Review: Sherlock - Series 2 (12) / Directed by: Various / Written By: Steven Moffat, Mark Gatiss, Steve Thompson / Starring: Benedict Cumberbatch, Martin Freeman, Mark Gatiss / Release Date: Out Now
The moment the credits rolled on the series two finale of Steven Moffat and Mark Gatiss’ modern reimagining of Sherlock Holmes, the entire series was eclipsed by one question: How did Sherlock do it? The Reichenbach Fall ended, as the entire world knows by now, with Sherlock leaping to his apparent death in a bid to save John’s life, only to show up watching his own funeral in the closing seconds. The internet promptly exploded with theories and extravagant guesswork as the millions of fans were turned into sleuths themselves, searching for clues in an episode stuffed with so many red herrings that you could smell it from a mile away.
But in all the excitement over mysterious laundry vans and bouncy balls, people have almost forgotten the show itself, which has to be one of the most confident pieces of British television ever made. Gatiss, Moffat and third writer Steve Thompson know they have a hit on their hands and have realised they can get away with being even more outrageous than they were in series one, while Martin Freeman has a BAFTA and a leading role as a certain Hobbit to his name now and Benedict Cumberbatch is just everywhere. In some places this newfound confidence goes to Sherlock’s head. There are some misjudged moments where the performances tip towards broad, and The Hounds of the Baskerville finds itself unable to come up with a suitable way round the inevitably disappointing ending of the source material, despite some stunning visuals and one of the best sequences in the trilogy, in which Russell Tovey’s traumatised Henry Knight faces off with a malfunctioning security light.
But, on the whole, you’d struggle to call series two anything other than a triumph. The series opened with A Scandal in Belgravia, an episode so slick it’s amazing it can stay upright. Lara Pulver was excellent as Irene Adler, the only woman to get under Sherlock’s skin, and the script teases out some wonderfully humanising moments between Sherlock and his icy brother Mycroft, played again with relish by Gatiss. The episode also showed off some truly mind-bogglingly clever visuals courtesy of Hollywood director Paul McGuigan.
The finale, penned by Thompson, a writer famous only for delivering the worst episodes of Sherlock and Doctor Who, was surprisingly the best of the bunch. It was the first episode of this coolly intellectual show to really tug at the tear ducts, boasting an ending that packs a real emotional punch. Andrew Scott’s gloriously mad Moriarty very nearly steals the show, winning over most of his series one detractors, but at the last moment everything spins back round to the real heart of the show: Sherlock and John’s relationship. Sherlock’s self-sacrifice is still a killer even when you know he’s not dead, because you’re not mourning him - you’re mourning the death of one of fiction’s greatest friendships.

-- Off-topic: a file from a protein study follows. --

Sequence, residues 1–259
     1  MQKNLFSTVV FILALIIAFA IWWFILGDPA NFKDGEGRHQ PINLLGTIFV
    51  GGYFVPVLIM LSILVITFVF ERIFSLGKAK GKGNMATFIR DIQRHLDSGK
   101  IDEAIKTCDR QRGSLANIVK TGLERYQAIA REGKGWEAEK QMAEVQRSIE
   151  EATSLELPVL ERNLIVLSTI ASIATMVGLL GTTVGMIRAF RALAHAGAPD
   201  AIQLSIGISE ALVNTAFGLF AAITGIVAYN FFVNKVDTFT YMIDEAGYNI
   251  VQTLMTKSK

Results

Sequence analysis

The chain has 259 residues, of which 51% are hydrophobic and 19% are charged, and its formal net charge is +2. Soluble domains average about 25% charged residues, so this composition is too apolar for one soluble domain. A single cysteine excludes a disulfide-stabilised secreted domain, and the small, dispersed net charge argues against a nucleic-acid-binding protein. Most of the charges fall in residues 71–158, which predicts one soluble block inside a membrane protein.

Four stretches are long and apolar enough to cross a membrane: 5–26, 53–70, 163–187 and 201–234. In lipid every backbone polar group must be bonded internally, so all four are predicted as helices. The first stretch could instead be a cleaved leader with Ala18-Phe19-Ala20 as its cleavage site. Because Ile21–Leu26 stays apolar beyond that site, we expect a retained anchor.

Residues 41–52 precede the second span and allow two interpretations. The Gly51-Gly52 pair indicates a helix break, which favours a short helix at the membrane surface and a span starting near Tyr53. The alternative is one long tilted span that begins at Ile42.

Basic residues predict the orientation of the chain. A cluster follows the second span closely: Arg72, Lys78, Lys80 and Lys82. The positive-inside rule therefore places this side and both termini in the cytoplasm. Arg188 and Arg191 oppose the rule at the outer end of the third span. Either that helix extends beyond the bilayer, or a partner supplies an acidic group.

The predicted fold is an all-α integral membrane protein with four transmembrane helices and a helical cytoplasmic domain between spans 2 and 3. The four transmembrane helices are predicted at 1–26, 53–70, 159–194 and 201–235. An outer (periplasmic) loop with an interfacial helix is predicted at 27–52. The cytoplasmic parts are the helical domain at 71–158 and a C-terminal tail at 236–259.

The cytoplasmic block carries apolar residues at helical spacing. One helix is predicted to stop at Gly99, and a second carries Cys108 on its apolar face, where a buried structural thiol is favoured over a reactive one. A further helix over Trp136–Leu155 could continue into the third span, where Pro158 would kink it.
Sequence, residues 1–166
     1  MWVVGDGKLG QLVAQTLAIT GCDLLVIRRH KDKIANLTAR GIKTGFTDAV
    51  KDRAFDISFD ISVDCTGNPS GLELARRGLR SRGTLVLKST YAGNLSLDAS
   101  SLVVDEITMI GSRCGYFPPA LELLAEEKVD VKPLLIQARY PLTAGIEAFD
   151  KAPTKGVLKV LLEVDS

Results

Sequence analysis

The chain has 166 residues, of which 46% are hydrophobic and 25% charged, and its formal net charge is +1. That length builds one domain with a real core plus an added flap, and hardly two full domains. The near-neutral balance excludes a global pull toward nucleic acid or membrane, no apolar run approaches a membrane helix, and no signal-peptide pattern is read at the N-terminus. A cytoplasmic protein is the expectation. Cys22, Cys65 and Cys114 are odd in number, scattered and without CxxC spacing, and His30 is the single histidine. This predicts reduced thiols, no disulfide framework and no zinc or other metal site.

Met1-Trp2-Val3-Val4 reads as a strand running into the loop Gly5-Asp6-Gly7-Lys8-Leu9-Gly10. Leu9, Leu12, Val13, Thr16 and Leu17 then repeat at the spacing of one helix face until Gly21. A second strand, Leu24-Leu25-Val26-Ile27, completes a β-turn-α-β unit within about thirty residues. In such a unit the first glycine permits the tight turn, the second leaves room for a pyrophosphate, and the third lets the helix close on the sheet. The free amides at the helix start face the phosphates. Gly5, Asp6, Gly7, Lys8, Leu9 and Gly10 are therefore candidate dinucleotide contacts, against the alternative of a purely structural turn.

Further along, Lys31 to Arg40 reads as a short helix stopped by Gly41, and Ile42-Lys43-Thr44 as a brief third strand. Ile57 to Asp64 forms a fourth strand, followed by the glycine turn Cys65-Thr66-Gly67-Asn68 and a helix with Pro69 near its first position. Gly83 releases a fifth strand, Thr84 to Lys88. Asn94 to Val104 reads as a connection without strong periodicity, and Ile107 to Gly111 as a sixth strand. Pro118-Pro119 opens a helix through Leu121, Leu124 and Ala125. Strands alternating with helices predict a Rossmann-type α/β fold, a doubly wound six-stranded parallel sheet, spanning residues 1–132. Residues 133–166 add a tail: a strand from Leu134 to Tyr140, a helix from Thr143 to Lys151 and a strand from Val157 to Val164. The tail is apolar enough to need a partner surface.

And that friendship is really what series two is all about. For all that the casting is flawless across the board (Louise Brealey deserves special mention for making lovelorn Molly one of the most passionately loved characters in the show) this is the Cumberbatch and Freeman show. Their chemistry is flawless – hilarious, spiky and ultimately suggesting a deep bond with the barest minimum of sentiment. Cumberbatch continues to astound as TV’s only Aspergic hero, making him just vulnerable enough, but it’s Freeman who owns this series. No-one in television does reaction shots better than Martin Freeman, who is quite simply extraordinary at being ordinary. His grieving John will be the image that sticks with viewers during that long hinterland between series two and three. Because yes – there will be a series three.
Special features: Sherlock Uncovered is a disappointingly short making of, touching briefly on each episode and a couple of key sequences and visuals, but going into few details. The two audio commentaries throw up a few more interesting factoids, including what happened the first time Mycroft stood on Sherlock’s bed sheet in Buckingham Palace. Moffat, Gatiss and producer Sue Vertue do both commentaries, with Benedict Cumberbatch and Lara Pulver on sparky form for A Scandal in Belgravia and Russell Tovey joining them for an earnest Hounds of the Baskerville talk-track. The commentaries suffer a lack of the New Zealand-bound Martin Freeman and it would have been fascinating to hear Andrew Scott and Steve Thompson’s thoughts on The Reichenbach Falls, but sadly that’s the one episode that gets no commentary – presumably because they were terrified of accidentally giving the game away and spoiling all the fun that the internet conspiracy buffs are having.